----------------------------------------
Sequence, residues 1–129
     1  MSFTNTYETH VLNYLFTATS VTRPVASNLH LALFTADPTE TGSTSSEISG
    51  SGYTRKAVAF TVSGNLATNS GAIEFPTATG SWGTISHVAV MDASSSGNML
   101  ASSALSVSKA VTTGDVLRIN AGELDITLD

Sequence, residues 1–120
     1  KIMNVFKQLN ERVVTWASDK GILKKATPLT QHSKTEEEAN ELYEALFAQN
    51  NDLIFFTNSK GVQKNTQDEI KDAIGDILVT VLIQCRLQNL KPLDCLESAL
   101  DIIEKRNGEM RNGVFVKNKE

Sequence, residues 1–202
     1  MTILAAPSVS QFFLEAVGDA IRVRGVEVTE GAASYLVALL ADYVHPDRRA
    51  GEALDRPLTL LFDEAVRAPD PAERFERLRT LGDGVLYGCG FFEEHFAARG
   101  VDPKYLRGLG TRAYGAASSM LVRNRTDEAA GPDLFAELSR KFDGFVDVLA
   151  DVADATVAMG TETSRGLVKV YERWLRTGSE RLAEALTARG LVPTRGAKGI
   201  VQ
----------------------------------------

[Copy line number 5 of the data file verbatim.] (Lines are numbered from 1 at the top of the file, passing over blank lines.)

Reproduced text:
Sequence, residues 1–120